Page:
“A new literary genre: paranoid fiction. Everyone is a suspect; everyone feels pursued,” Ricardo Piglia (published by Deep Vellum & Duke University Press).
Beef, gauchos and the tango. Eva Perón, military dictatorship and The Disappeared. Maradona, the 1986 World Cup and Thatcher’s last stand for Empire. Such are the answers of friends when asked what images Argentina conjures up in their mind’s eye. To which I would add, bookishly, Jorge Luis Borges, Julio Cortázar and Ernesto Sabato.
Crime novelist Claudia Piñeiro is a welcome discovery. All Yours, A Crack in the Wall, Thursday Night Widows published by Bitter Lemon Press, and now Betty Boo, give an alternative, very contemporary view of Argentina. The abuse of public power for private benefit is increasingly a global problem, manifested in myriad nuanced ways at a local level. Corruption is invariably intrinsic to the way power is exercised. Just recently, the name of Argentina’s new president, Mauricio Macri, appeared in the Panama Papers leaked files.
The crux of Betty Boo may revolve around the murder of widower Pedro Chazarreta, “his throat slit from side to side,” in Maravillosa Country Club – a gated, guarded compound catering to the super rich, similar to ones you’d find in Florida or North London – but it is also a novel about writing, journalism, justice and ageing.
Once-upon-a-time bestselling novelist, Nurit Iscar, is eking out a living as a ghostwriter – her career killed by a bitchy review. The “Dark Lady of Argentine literature” is sent to write fictionalised reportage à la Truman Capote by her former (married) lover Lorenzo Rinaldi, the editor of El Tribuno newspaper. His nickname for her – on account of her black curls and red lips – is Betty Boop: the “archetype of the sexy, submissive woman.” A symbol of the 1920s liberated flapper, “Betty Boop is and will always be a definitively sensual and sexual woman. That’s what matters. She wears short skirts and stockings, she flaunts her breasts in low-cut tops . . . she likes to dance hula-hula, swinging her hips and repeating the phrase ‘Boop Boop a Doop’ as she dances.” Corruption No 1. Sex and nepotism often work hand in hand.
Iscar’s pieces are pungent: “Do men more often kill their wives, or women their husbands? When the circumstances of a woman’s death are in question, does suspicion always fall on the husband? Are the suspicions always well founded? And what about when a woman kills her husband? Is she more likely to go to prison? Which of the two deaths – or murders – was, or is, more socially acceptable? . . . How many unresolved or half-resolved cases of murder are lodged in the collective memory?”
Jaime Brena works at El Tribuno, which is “getting rid of everyone old and expensive.” He is about to take voluntary redundancy as the young illiterati – “Generation Google: no legwork, just keyboard and screen, everything off the Internet” – are taking over. He has had enough, however he ends up mentoring “the boy they brought in to replace him on the news stories that used to be his: violent crime and assault.” The pair turn into sleuths in true private dick fashion, as they try to figure out who slit Pedro Chazarreta’s throat . . . and whether the mysterious deaths of five of Chazarreta’s friends from secondary School were murders.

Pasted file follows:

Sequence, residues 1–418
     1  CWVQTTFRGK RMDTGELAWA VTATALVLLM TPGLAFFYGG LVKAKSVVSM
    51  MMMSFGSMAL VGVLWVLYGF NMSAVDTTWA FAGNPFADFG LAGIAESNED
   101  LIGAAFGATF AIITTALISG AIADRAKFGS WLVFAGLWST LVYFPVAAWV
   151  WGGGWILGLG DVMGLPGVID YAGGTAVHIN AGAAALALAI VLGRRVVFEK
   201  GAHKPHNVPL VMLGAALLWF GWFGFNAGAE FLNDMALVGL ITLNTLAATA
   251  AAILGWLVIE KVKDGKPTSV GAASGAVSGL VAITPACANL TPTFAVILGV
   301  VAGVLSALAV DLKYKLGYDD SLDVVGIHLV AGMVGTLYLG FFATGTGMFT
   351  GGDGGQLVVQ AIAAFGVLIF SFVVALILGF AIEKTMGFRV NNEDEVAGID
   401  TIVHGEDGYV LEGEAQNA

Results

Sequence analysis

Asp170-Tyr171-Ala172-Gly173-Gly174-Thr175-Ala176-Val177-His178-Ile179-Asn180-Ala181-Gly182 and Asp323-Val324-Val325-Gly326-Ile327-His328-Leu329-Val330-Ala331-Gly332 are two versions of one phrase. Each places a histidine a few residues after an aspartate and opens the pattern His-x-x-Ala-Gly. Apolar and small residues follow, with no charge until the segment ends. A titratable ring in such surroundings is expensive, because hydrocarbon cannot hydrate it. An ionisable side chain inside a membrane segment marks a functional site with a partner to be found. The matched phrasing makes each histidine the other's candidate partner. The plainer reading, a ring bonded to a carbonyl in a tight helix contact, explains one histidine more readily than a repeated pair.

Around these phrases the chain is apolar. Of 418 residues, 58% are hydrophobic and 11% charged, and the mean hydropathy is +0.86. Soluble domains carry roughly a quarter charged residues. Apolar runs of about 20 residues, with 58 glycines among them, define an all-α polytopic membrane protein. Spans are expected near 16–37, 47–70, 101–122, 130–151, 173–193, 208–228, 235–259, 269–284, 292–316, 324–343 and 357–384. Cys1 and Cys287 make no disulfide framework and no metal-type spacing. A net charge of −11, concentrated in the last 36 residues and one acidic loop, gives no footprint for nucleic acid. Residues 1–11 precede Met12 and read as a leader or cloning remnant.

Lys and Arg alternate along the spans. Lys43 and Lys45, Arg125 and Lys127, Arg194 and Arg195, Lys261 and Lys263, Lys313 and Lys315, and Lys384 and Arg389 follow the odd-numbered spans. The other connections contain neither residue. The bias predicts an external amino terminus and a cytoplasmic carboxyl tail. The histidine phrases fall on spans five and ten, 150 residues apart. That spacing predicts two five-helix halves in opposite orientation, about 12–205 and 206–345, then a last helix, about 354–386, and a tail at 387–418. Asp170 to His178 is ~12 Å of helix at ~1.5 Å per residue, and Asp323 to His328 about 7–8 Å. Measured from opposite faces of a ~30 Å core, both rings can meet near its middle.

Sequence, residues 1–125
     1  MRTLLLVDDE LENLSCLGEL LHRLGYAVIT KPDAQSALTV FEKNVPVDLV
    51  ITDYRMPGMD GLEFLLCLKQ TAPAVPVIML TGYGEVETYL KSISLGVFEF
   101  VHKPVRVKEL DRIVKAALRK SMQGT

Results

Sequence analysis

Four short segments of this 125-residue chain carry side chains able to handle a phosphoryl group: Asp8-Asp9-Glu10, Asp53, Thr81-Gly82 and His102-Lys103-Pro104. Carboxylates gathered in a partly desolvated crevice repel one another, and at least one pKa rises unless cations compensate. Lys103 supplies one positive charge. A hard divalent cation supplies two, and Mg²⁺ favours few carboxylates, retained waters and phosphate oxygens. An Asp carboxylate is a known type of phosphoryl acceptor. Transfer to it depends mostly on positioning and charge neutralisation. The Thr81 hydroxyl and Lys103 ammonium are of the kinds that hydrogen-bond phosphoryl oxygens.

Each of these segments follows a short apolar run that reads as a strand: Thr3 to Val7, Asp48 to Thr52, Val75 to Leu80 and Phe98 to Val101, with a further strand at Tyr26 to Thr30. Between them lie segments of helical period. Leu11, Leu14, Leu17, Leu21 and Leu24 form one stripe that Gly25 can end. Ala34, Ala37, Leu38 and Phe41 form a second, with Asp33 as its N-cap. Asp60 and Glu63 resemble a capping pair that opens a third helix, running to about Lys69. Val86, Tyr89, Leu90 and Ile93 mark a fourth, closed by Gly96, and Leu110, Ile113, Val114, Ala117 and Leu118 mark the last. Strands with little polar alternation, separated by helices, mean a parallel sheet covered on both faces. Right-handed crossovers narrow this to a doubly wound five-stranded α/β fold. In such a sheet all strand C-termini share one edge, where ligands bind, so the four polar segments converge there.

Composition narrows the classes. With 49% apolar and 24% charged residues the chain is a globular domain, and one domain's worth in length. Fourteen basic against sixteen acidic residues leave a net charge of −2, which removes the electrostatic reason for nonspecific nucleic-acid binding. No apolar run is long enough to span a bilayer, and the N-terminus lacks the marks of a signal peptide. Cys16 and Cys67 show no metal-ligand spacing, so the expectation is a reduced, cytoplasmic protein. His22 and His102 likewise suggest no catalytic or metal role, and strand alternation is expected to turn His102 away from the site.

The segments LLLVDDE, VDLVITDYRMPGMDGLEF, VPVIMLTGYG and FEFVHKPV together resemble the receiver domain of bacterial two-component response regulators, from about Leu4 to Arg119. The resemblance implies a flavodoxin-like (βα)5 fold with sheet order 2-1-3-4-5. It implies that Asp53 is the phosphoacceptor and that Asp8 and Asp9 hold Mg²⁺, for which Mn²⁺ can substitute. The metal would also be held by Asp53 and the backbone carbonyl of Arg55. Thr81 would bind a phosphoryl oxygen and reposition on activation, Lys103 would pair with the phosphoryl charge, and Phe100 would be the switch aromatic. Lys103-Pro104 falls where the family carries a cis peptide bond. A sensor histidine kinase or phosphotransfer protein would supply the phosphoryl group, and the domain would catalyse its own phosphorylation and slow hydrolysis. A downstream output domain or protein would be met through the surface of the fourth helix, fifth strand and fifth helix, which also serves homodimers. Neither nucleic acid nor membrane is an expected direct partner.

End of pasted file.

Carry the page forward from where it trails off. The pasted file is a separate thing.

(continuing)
Brena is old skool and knows his stuff. Offhand and antsy at first, “Crime boy” begins to listen: “Try to be a good crime reporter; get out into the street and produce great writing – writing that informs, that has teeth, that draws people in. And without any spelling mistakes, which is already a lot to ask for these days . . . Journalism has nothing to do with the revolution any more. We turned bourgeois, kid. We got paunchy. We do what they ask of us, within certain limitations, and collect our paycheck at the end of the month.” Corruption No 2. Money kills ideals and principles.
“Sometimes one has to settle for having discovered the truth . . . It’s not our job to administer justice, we’re journalists. If, in the course of an investigation, we uncover some important, true information that we aren’t in a position to prove, that’s still a lot more than we manage most of the time . . . Taking justice into your own hands can only lead to another wrong, fuelling an endless cycle of hatred and revenge. When a person kills someone who deserves to die, does that make him any less of a murderer? The only way to save ourselves as a society is to administer fair punishment for wrongdoing, for crimes that have been committed. Don’t forget the unpunished crimes, because they always conceal something more terrible than the crime itself.” So speaks Brena, who lived through a military dictatorship and its aftermath. Corruption No 3. The law is not about justice. It is a tool used by the powers-that-be to keep the peace.
Truth will out, or will it? “What’s happening with this crime story has implications for other news items and for the general state of the media today. A news agenda that leaves out certain stories is tantamount to censorship. Don’t allow other people to create your agenda, no matter what side they’re on. Read a lot of newspapers, watch a lot of bulletins – all of them, even the ones you disagree with – and only then decide on your own viewpoint. Communication today is no longer a matter of passively receiving what we are told: we all help to create it.” Corruption No 4. Freedom of speech is an illusion. The Media (and increasingly the internet) are controlled.
Screenwriter-turned-novelist, Piñeiro excels at character development and her faultless plotlines had me hooked. A good translator has to be a good writer too, since their work creates a whole new book for a whole new audience and culture – Miranda France excels at both.
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Betty Boo by Claudia Piñeiro, trs. Miranda France | Bitter Lemon Press | Jan. 2016 £8.99 320pp PB | ISBN: 1908524553